Internet search giant Google Inc. launched a free-of-charge cloud-based storage service Tuesday called Drive. The service puts Google into direct competition with companies like DropBox and others that provide online storage space for consumers to save their photos, music, documents and even movies and software, giving them the ability to access the data on different devices. Google Drive, which users can access with their Gmail accounts, provides the first 5 gigabytes of storage for free, with users who go over paying for the service on a graduated scale.
Some observers have charged that Google's entry into the cloud storage sector is too late to make a significant dent in the market, as the majority of consumers that would be interested in cloud storage have already parked their data in virtual garages provided by DropBox, Microsoft's SkyDrive and others. The company offers storage up to a maximum of 16 terabytes, 160 times more than SkyDrive's maximum available space of 100GB. The company noted that that amount of space would be sufficient to store over 4,000 2-hour video files in 720p HD.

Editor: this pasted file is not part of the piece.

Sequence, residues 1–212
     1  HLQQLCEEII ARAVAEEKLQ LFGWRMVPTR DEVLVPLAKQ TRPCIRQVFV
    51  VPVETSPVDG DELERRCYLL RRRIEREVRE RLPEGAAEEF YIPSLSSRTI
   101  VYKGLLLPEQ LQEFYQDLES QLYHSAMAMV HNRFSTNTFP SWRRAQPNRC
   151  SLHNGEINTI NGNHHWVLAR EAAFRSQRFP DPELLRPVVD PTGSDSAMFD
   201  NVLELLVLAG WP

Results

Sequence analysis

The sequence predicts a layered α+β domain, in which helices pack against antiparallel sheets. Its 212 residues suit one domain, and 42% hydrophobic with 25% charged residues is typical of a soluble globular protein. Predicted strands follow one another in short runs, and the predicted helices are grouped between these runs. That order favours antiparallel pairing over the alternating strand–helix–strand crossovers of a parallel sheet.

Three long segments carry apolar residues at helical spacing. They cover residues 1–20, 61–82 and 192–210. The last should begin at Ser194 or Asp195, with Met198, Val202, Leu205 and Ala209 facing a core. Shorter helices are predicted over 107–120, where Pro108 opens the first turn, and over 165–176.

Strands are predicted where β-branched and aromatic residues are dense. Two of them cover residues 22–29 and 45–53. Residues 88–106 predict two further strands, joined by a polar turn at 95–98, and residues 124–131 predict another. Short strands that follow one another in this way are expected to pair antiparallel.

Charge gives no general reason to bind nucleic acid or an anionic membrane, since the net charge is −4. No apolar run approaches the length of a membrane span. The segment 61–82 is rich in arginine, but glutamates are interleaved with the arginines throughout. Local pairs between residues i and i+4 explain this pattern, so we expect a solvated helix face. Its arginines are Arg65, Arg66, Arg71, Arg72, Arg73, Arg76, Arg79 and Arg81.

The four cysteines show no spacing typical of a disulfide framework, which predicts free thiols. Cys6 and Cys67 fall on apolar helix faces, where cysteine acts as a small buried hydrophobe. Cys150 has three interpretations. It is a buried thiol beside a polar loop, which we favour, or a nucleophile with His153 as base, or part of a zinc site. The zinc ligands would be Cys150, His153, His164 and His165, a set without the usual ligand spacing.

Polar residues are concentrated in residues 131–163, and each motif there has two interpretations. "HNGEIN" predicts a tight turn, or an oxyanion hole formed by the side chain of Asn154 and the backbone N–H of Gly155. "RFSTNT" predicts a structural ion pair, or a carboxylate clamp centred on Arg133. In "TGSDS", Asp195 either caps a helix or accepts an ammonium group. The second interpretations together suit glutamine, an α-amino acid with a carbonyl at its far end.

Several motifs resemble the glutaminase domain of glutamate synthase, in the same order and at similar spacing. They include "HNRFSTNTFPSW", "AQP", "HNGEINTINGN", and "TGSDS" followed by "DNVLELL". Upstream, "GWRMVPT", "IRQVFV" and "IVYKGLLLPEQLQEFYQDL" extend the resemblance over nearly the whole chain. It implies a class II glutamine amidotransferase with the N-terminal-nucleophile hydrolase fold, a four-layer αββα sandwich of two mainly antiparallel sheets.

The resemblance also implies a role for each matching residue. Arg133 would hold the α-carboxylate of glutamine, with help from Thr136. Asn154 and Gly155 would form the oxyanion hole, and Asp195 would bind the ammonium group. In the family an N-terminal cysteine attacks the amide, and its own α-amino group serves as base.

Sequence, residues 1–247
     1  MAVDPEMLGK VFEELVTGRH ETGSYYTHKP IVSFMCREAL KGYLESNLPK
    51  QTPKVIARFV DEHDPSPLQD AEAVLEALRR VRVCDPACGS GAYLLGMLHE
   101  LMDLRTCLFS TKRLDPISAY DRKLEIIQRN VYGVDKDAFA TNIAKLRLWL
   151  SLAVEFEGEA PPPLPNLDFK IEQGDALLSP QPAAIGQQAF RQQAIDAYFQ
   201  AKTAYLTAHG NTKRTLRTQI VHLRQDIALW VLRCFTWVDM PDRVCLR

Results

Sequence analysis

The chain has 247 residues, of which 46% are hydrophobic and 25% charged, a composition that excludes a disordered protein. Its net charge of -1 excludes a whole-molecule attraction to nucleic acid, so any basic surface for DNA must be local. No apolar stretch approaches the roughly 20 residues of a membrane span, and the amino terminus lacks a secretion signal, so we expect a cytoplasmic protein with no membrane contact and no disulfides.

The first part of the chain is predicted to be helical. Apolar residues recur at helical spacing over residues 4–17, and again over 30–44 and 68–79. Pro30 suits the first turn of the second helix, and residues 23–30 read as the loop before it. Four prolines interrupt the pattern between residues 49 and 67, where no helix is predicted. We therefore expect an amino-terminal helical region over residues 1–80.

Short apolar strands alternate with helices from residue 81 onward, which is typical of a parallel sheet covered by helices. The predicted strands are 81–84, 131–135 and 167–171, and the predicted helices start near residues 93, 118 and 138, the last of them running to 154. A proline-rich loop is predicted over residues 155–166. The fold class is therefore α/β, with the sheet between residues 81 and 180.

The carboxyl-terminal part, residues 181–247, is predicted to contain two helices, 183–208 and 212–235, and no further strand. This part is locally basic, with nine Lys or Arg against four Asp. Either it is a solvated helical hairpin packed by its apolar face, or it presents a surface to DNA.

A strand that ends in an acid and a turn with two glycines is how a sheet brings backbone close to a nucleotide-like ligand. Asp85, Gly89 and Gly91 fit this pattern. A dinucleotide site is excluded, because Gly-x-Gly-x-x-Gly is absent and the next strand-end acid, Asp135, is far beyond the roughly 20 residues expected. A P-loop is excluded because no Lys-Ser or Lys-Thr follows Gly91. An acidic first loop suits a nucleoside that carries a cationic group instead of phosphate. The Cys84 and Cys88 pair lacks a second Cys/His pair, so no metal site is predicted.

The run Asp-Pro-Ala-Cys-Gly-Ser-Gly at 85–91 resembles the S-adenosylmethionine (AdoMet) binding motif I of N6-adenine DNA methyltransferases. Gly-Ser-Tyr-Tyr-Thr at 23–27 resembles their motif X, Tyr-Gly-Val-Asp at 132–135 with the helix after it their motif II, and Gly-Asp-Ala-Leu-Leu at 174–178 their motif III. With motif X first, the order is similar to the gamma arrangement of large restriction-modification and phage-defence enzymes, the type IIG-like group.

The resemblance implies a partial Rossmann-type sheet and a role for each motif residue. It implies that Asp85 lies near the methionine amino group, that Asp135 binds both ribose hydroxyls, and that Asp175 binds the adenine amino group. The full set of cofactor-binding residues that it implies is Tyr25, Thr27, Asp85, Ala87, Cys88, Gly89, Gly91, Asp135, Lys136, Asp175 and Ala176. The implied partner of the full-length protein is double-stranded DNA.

Google Drive is accessible for Macs and PCs, or through an app on Android based mobile devices. The Mountain View, California company is in the process of developing an app for Apple's iOS platform, but did not have an exact date for when it will become available. Google hopes to differentiate itself from cloud storage competitors by taking advantage of its expertise in Internet search.